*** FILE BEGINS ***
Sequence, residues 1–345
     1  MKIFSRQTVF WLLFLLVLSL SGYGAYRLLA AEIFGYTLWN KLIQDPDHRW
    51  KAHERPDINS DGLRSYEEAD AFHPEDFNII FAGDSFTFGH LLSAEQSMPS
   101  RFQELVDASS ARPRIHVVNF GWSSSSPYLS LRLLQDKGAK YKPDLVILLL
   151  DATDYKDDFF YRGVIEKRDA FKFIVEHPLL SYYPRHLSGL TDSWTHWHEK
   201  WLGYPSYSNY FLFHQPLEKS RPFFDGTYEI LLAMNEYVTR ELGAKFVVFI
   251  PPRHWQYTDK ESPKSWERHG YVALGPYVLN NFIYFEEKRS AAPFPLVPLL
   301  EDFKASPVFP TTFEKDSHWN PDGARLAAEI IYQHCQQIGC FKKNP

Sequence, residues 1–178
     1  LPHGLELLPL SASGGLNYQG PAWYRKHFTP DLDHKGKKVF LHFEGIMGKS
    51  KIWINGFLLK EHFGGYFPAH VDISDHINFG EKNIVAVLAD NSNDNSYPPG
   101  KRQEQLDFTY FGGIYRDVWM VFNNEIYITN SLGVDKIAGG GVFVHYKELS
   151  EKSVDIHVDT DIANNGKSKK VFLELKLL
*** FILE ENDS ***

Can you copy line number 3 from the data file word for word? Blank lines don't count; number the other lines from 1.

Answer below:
    51  KAHERPDINS DGLRSYEEAD AFHPEDFNII FAGDSFTFGH LLSAEQSMPS